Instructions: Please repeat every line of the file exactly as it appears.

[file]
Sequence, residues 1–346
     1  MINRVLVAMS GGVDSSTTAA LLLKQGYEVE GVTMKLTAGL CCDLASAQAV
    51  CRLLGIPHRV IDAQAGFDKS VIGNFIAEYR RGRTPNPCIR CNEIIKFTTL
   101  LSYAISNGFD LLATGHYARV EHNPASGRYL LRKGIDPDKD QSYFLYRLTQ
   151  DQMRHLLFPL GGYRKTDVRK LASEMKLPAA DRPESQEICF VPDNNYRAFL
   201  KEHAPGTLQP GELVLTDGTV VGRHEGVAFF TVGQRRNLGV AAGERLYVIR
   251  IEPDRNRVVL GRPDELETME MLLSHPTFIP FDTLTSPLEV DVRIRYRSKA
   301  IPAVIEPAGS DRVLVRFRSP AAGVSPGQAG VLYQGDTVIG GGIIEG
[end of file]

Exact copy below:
Sequence, residues 1–346
     1  MINRVLVAMS GGVDSSTTAA LLLKQGYEVE GVTMKLTAGL CCDLASAQAV
    51  CRLLGIPHRV IDAQAGFDKS VIGNFIAEYR RGRTPNPCIR CNEIIKFTTL
   101  LSYAISNGFD LLATGHYARV EHNPASGRYL LRKGIDPDKD QSYFLYRLTQ
   151  DQMRHLLFPL GGYRKTDVRK LASEMKLPAA DRPESQEICF VPDNNYRAFL
   201  KEHAPGTLQP GELVLTDGTV VGRHEGVAFF TVGQRRNLGV AAGERLYVIR
   251  IEPDRNRVVL GRPDELETME MLLSHPTFIP FDTLTSPLEV DVRIRYRSKA
   301  IPAVIEPAGS DRVLVRFRSP AAGVSPGQAG VLYQGDTVIG GGIIEG